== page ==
Along with the fipronil treatment we removed all chafe and bedding, washed walls, floor, ceiling, water buckets, feed troughs, internal fencing, tools, halters, and leads. The goal was reduction of the adult mite population providing greater impact of the fipronil treatment. [Llama and Alpaca Care, page 385, C2,p2].

Fipronil (Frontline) was purchased in 500 ml spray bottles anticipated to treat 10 alpacas. We found the number of alpacas 500ml treated varied based upon the size of the alpaca and extent we felt needed to be sprayed. Most alpacas were sprayed similar to spraying mosquito repellant from the knee down concentrating on the area between the toes. If bare areas on the nose or ears were observed, we applied fipronil to a gauze pad and wiped it on these areas. When we found the alpaca was further compromised we sprayed under the tail, between the legs, and the chest. [Llama and Alpaca Care, page 384-85, C2,p2].

We anticipated that a light mist spray would not upset the alpacas. Nothing could be further from the truth, so anticipate securing the alpaca fairly well before application. We found haltered and tethered to a wall hook, and then secure one side against a wall while spraying the facing side worked the best. Reverse the side to the wall for the rest of the application.

Dr. Jon Gieche and Dr. Ruthanne MaCaslin agreed the most probable place we encountered mites was at shows. Our investigation proved this is probably true due to the general responses we received. The general opinion was, “All alpacas have mites and are not a major problem. The only alpacas affected are due to stress, immune compromised, or a genetic predisposition.” Finding some veterinarians we talked to carry this same opinion, we feel owners come by this myth honestly.

Farms that have a substantial number of alpacas are at extreme financial risk due to the cost of treatment. Further, alpaca health is compromised due to mites. Mites will contribute to other problems such as bacterial and fungal infections. We do not feel other circumstances cause a mite problem due to the physiology of the mites themselves. Fleece degradation, cria development, and general animal health are at risk without treatment. Factor in our responsibility to bring healthy animals without infection issues to shows, and you have a couple of good reasons to treat alpacas for mites.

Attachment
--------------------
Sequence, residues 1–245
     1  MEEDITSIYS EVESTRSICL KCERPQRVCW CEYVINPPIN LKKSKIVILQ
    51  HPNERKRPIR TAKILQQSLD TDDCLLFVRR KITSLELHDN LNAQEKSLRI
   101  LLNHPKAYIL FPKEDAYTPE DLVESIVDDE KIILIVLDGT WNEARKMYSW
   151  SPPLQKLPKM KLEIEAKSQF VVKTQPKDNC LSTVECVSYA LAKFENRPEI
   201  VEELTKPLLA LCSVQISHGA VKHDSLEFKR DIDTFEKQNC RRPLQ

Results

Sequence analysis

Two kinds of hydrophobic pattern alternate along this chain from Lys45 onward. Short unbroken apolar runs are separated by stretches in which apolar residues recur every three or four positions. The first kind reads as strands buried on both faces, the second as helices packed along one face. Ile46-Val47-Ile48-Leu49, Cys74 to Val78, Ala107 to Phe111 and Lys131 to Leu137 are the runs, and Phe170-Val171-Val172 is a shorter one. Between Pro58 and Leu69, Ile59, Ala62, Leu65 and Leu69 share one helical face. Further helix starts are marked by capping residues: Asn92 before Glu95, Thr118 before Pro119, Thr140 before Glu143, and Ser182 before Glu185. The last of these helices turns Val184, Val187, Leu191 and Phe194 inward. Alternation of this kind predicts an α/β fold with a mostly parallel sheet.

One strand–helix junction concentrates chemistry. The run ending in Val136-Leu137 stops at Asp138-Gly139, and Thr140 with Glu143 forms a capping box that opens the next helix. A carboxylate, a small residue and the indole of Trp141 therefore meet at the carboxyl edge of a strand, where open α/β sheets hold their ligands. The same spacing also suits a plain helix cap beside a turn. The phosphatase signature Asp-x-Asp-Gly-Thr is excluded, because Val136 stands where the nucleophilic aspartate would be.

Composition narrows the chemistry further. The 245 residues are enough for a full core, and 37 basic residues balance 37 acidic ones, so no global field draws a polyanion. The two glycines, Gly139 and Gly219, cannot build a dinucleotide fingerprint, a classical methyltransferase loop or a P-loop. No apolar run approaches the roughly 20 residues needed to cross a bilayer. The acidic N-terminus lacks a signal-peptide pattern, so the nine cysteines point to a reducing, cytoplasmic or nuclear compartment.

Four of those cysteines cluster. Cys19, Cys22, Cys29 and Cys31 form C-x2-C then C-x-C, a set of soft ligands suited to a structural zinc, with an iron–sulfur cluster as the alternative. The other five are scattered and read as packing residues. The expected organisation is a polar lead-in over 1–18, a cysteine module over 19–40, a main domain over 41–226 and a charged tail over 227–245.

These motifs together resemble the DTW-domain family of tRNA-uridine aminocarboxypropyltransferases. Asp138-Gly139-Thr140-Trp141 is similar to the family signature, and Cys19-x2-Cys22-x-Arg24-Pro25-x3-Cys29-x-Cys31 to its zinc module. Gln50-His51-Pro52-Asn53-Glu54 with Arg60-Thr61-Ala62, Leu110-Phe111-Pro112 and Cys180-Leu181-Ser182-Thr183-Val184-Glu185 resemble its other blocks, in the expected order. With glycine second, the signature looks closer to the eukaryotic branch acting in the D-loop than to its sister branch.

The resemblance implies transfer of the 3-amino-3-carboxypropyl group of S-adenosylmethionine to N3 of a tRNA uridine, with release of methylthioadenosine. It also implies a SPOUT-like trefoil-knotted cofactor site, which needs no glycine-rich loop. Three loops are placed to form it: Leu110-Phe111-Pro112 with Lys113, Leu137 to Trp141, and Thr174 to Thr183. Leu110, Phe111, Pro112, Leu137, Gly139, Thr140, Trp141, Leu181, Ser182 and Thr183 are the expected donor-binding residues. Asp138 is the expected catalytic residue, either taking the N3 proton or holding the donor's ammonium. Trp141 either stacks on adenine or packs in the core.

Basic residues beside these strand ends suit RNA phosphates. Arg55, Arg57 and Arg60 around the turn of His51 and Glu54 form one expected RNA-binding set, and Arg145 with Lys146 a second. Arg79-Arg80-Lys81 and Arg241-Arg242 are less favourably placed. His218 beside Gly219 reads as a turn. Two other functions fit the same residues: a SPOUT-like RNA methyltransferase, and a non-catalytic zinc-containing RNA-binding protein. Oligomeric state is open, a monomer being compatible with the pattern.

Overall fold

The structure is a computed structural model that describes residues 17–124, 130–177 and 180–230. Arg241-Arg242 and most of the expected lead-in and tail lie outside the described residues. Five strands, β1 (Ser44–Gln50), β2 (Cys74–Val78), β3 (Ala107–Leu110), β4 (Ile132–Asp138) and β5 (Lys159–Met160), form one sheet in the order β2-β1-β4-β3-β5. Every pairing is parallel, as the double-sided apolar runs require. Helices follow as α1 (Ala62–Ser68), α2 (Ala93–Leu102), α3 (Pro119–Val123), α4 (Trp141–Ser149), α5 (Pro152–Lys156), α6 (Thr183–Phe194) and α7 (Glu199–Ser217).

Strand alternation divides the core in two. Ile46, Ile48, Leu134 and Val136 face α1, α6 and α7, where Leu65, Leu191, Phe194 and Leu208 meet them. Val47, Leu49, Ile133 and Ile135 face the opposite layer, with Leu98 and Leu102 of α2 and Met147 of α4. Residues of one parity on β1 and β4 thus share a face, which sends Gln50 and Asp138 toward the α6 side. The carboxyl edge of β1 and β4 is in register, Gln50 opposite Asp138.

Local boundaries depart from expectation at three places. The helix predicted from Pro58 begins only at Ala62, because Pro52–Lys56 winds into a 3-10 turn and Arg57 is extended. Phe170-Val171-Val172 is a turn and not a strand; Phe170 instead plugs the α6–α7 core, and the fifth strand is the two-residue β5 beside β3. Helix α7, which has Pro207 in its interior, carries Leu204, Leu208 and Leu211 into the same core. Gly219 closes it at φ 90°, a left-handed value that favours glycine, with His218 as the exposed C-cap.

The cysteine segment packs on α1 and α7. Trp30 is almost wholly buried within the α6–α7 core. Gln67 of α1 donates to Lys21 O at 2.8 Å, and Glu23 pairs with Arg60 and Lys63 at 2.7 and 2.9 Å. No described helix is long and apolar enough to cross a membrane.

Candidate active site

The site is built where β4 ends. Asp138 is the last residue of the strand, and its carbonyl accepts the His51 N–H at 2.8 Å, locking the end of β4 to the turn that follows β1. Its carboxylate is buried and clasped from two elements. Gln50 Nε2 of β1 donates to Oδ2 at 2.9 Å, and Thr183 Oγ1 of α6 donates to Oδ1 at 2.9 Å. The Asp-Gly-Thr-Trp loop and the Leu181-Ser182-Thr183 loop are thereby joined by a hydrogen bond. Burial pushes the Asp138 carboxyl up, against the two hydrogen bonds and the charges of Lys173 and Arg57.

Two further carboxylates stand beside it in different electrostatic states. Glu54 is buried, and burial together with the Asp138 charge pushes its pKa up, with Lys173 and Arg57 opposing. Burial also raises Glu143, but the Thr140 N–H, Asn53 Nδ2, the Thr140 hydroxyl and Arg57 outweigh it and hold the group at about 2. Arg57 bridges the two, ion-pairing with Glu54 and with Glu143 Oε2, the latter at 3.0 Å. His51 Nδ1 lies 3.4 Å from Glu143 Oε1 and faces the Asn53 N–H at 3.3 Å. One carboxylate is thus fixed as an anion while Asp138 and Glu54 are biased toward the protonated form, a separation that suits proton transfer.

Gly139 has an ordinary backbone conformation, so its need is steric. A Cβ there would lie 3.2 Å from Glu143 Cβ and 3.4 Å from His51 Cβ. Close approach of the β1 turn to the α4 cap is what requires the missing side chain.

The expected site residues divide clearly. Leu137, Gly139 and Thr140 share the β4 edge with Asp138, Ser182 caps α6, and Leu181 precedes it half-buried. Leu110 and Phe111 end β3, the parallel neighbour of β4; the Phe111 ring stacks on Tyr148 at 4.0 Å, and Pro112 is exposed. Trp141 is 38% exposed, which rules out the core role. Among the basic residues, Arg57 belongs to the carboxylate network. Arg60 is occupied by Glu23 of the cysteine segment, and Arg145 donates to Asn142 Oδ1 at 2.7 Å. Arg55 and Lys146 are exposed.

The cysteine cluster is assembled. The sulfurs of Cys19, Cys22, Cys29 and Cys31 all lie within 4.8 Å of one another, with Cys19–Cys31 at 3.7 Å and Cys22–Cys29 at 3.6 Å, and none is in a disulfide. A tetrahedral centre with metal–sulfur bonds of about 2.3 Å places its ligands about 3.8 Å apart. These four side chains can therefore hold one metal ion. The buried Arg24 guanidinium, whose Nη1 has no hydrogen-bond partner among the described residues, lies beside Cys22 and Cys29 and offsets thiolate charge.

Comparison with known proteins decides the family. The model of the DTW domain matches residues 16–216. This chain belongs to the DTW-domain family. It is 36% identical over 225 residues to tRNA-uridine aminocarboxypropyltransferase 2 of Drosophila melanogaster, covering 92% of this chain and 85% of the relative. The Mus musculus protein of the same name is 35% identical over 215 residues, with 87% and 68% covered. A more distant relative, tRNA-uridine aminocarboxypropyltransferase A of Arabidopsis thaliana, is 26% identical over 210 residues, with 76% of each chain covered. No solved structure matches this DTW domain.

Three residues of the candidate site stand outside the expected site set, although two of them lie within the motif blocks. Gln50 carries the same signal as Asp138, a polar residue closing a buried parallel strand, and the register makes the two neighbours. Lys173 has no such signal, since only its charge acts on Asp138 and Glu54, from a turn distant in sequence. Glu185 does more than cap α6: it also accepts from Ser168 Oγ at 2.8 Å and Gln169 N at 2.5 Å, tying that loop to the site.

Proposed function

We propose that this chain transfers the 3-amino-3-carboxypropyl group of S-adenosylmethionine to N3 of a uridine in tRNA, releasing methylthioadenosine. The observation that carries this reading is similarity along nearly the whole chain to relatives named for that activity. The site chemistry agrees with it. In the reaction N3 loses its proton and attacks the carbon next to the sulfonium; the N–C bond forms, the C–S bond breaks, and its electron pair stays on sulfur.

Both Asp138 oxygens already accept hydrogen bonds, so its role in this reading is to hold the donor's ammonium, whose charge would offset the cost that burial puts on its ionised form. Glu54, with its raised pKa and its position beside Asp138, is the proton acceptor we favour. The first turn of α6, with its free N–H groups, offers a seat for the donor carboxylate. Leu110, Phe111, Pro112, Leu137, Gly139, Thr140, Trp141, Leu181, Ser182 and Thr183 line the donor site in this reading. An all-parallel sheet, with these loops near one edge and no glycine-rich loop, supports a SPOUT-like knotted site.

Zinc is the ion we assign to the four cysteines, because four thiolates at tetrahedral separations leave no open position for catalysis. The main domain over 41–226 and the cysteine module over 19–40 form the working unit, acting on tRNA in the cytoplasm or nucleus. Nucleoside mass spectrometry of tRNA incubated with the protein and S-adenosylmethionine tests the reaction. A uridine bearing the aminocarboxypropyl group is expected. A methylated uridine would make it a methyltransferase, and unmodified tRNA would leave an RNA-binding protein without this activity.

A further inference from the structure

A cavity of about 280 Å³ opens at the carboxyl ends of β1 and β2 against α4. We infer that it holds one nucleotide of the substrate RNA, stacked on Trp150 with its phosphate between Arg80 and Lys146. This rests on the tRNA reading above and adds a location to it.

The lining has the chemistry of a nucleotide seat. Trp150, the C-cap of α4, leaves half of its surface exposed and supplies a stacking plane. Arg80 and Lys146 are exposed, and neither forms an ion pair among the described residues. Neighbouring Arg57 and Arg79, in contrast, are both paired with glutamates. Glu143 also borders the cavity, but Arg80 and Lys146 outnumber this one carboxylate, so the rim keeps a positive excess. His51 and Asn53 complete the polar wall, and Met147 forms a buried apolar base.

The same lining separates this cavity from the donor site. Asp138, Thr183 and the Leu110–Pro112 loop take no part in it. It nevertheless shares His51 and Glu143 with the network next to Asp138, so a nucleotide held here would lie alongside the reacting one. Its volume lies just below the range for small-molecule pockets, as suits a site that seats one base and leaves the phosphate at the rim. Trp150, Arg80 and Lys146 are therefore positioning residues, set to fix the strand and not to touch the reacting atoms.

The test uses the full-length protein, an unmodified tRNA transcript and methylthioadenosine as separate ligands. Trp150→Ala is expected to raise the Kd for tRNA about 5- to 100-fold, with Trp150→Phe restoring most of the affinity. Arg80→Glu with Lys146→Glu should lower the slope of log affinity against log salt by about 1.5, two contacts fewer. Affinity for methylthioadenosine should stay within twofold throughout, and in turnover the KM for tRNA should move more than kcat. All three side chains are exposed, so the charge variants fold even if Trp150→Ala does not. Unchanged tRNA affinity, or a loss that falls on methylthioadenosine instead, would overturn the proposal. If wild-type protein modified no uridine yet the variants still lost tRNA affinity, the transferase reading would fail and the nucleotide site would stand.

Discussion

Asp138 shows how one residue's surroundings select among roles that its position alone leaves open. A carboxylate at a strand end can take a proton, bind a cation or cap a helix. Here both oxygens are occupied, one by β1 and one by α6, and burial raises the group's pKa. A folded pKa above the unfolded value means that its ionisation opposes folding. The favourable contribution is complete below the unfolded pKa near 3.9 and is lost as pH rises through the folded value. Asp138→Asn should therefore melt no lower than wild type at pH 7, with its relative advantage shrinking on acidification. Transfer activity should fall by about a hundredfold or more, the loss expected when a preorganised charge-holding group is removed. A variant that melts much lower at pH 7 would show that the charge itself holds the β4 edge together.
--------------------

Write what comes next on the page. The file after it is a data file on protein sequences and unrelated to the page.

Prophylactic treatment is available once mites are eradicated from your farm. Prior to transportation, alpaca’s legs and underbelly should be sprayed with fipronil to eliminate mites that are present and introduction of mites to your farm. For arrivals to your farm, legs and belly should be sprayed with fipronil prior to departure and sprayed upon arrival before stepping out of the trailer.

Surviving a mild winter tempted us to believe this was causal to the mite outbreak; however, winter regardless of severity is the time mite populations generally explode.

If in fact all alpacas have mites we as a livestock industry face a serious problem. Marge, my wife, has been very sensitive toward publicly disclosing our mite problem fearing we shall be branded. My response regarding branding is not so much what we face as livestock owners but how we react to the problem and act once identified. We are treating our entire herd until mites are eradicated from our farm and have put in place stringent prophylactic practices. How we as individual alpaca ranchers react to this problem will define our livestock industry.

[1] M.H. Abdally, 2010. Acaricidal Efficacy of Ivomec (Ivermectin) and Dectomax (Doramectin) on Sarcoptic Mange Mites (Sarcoptes spp.) of Arabian Camels (Camelus dromedaries) in Saudi Arabia. Journal of Entomology, 7:95-100.

[2] Claire F Whitehead BVM&S, South American Camelids & Ectoparasites (

[3] Jon M. Gieche D.V.M., Kettle Moraine Equine Hospital & Regional Equine Dental Center (

[4] Ed and Ruthanne MaCaslin D.V.M., Promised Land Alpacas (

Llama and Alpaca Care, David Sisson and ChristopherCebra, Pages 383-385.